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11 Reviews
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36 of 37 people found the following review helpful
4.0 out of 5 stars An essential resource for anyone wanting to learn to pray.
There are few books as easy to read as "To Pray as a Jew." You will find all the essentials ... from preparing to attend synagogue to what to do when you leave and thereafter. If you desire to learn how to make prayer an effective part of your everyday life, then you MUST read this book. It is a "how to", "when to", "what to",...
Published on 18 Nov. 1997

versus
3.0 out of 5 stars lots to learn
I have long been interested in liturgical history and development so it has been interesting to delve into the liturgy of another religion, Judaism. In the past, I did so via a liberal book on fasts and festivals. This book is orthodox so a little more difficult for me.

When we pray for things, are we expecting God to change everything or to change us? We need...
Published 14 months ago by Mr. D. P. Jay


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36 of 37 people found the following review helpful
4.0 out of 5 stars An essential resource for anyone wanting to learn to pray., 18 Nov. 1997
By A Customer
This review is from: To Pray as a Jew: Guide to the Prayer Book and the Synagogue Service (Paperback)
There are few books as easy to read as "To Pray as a Jew." You will find all the essentials ... from preparing to attend synagogue to what to do when you leave and thereafter. If you desire to learn how to make prayer an effective part of your everyday life, then you MUST read this book. It is a "how to", "when to", "what to", "what else" manual. You will certainly wear this book out!
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5 of 5 people found the following review helpful
5.0 out of 5 stars What a great find!, 12 Dec. 2010
By 
Alexander Massey (Oxford, Oxon United Kingdom) - See all my reviews
(REAL NAME)   
This review is from: To Pray as a Jew: Guide to the Prayer Book and the Synagogue Service (Paperback)
I was delighted to read this book, and use it as a constant resource to remind me of aspects of the Jewish prayer services, and the siddur (Jewish prayer book). Often I have wondered why a particular text or prayer is included in a Jewish service, and just as often, I have discovered that other Jews don't know either. Donan has located each prayer in its historical context (how it came to be written, and included, as well as why the words may have been changed over time); he also establishes each text's relevance to Jewish beliefs and traditions. Donan also manages to convey what moves him about the prayers, and by these personal reflections, touched me as a reader, and brought the prayers alive for me. Not only has this book deepened my own appreciation of the liturgy, but it has given me the confidence to lead parts of Jewish services, teach and bring the liturgy alive for others.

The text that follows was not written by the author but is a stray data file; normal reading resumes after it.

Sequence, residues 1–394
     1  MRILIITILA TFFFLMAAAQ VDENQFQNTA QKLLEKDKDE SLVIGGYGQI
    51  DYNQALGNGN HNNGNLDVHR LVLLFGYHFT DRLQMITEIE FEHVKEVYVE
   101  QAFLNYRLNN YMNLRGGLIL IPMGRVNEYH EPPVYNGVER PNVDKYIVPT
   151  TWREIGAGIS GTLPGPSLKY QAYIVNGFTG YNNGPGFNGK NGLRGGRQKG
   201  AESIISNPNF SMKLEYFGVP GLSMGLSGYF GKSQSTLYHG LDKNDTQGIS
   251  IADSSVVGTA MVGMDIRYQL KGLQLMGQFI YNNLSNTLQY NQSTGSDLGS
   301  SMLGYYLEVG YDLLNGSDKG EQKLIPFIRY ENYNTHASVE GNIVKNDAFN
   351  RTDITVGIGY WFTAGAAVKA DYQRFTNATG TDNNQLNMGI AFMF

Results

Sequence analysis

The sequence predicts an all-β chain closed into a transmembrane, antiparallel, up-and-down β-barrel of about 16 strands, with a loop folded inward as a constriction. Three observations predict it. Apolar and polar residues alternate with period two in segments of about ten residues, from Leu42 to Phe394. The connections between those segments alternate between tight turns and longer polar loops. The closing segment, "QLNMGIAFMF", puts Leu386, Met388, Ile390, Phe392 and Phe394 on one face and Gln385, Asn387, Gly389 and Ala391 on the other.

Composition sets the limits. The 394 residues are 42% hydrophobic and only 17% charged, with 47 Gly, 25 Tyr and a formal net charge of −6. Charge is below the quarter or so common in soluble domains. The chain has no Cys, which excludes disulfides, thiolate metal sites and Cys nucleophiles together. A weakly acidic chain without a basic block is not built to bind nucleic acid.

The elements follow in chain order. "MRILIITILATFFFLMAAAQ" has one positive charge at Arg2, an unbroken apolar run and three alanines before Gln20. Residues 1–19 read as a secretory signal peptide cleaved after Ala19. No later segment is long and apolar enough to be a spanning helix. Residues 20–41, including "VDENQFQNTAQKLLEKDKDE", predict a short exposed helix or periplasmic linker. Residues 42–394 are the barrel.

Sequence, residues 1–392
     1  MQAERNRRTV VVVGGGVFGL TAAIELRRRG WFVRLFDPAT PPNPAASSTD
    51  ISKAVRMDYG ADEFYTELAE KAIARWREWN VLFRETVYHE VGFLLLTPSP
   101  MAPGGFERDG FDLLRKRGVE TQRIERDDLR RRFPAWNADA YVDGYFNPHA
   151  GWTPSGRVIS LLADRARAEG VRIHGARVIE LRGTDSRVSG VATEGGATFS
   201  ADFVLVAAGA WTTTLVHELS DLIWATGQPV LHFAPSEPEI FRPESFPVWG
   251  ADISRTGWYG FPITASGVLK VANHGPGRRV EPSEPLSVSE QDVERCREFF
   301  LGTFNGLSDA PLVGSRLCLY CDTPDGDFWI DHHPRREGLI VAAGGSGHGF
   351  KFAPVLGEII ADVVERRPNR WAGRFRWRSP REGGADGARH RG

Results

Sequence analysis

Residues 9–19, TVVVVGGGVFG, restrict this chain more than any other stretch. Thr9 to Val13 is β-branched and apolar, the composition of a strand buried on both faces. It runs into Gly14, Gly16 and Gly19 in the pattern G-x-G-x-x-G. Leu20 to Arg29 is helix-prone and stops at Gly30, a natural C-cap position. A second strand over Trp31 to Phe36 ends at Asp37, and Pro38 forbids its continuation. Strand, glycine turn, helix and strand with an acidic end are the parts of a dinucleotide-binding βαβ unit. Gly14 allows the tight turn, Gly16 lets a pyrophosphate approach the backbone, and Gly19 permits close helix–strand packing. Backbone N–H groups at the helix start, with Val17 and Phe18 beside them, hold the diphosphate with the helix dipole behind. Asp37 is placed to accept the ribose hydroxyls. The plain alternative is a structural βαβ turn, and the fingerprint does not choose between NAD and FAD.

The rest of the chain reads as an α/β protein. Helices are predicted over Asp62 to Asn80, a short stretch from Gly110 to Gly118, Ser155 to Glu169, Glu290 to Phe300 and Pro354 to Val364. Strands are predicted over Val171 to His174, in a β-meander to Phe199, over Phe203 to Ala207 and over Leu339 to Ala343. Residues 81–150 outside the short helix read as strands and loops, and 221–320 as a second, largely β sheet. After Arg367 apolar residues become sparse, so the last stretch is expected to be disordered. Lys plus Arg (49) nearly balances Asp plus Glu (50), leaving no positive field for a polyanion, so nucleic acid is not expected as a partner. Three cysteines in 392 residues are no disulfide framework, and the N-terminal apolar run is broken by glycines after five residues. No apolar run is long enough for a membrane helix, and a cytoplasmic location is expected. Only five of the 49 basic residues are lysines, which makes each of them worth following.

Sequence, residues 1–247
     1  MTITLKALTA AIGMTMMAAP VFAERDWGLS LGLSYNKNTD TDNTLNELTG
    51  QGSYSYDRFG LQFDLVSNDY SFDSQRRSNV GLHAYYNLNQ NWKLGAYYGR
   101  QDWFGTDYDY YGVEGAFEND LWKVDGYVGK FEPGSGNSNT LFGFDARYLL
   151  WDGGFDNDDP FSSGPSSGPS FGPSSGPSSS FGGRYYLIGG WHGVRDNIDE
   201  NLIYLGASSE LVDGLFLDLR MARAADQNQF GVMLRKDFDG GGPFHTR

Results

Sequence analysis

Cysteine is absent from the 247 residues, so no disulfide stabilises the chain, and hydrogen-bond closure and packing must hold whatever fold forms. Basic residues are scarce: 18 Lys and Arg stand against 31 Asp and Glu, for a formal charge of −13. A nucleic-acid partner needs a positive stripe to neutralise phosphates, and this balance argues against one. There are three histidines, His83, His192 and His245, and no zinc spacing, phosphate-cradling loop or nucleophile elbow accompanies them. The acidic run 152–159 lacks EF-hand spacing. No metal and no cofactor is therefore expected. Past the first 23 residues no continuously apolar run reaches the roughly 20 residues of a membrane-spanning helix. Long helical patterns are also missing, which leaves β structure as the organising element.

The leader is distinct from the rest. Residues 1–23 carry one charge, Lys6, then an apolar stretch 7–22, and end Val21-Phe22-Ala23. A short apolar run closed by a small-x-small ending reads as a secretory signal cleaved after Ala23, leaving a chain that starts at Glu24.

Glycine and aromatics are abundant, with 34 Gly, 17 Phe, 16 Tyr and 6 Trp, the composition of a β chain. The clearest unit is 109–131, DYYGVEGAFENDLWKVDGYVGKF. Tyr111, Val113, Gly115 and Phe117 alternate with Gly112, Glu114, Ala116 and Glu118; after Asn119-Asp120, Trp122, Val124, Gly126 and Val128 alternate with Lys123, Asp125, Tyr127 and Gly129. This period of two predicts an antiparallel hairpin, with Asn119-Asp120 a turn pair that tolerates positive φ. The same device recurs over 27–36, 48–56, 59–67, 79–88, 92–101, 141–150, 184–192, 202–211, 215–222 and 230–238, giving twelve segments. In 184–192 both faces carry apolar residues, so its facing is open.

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2 of 2 people found the following review helpful
5.0 out of 5 stars for goyim and bnei Noach, 17 April 2014
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This review is from: To Pray as a Jew: Guide to the Prayer Book and the Synagogue Service (Paperback)
This book has been really helpful. The detail and history as well as the familiarity with hebrew prayer has taught me a great deal.
This book is tenderly and lovingly written. It will never be a walk in the park to learn reams of dry prayer by heart and if you are isolated from the reasoning it will be harder, but Rabbi Donin includes you in the decision process and syllogism of the prayer.

Often prayers are written in Hebrew, with phonic transliteration and in English, because of this my ability to read and recognise Hebrew has short forward. I will definitely by buying HaLevy Donin's 'To be a Jew' next and hopefully one day I will live up to them.

Jew, Gentile, Christian, Muslim, curious atheist, may you be blessed with peace and understanding of HaShem.
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1 of 1 people found the following review helpful
4.0 out of 5 stars About the Jewish pray to the perplexed..., 4 Jun. 2013
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This review is from: To Pray as a Jew: Guide to the Prayer Book and the Synagogue Service (Paperback)
I am not a Jew but one of my friends is and therefore I am now interested i Jewish way of thinking. This book has given me a presentiment about the things, ideas and visions that are important in the Jewish prayer. The book is very well written. I should have appreciated if its Hebrew texts should have been tranlitterated, too. Book was written to the Jews who have became estranged from their own religion. To this purpose the text is working very well. But we are also many who are interested in the topics from another perspective, from another traditions and religions perspective, to us this book has also much to give. It shoud be good if we had a kind of "virtual synagogue" to follow up the services with the this book. Here in tthe North beside the Polar Circle we don't have any real one (synagogue). I really recommend this book to other perplexed...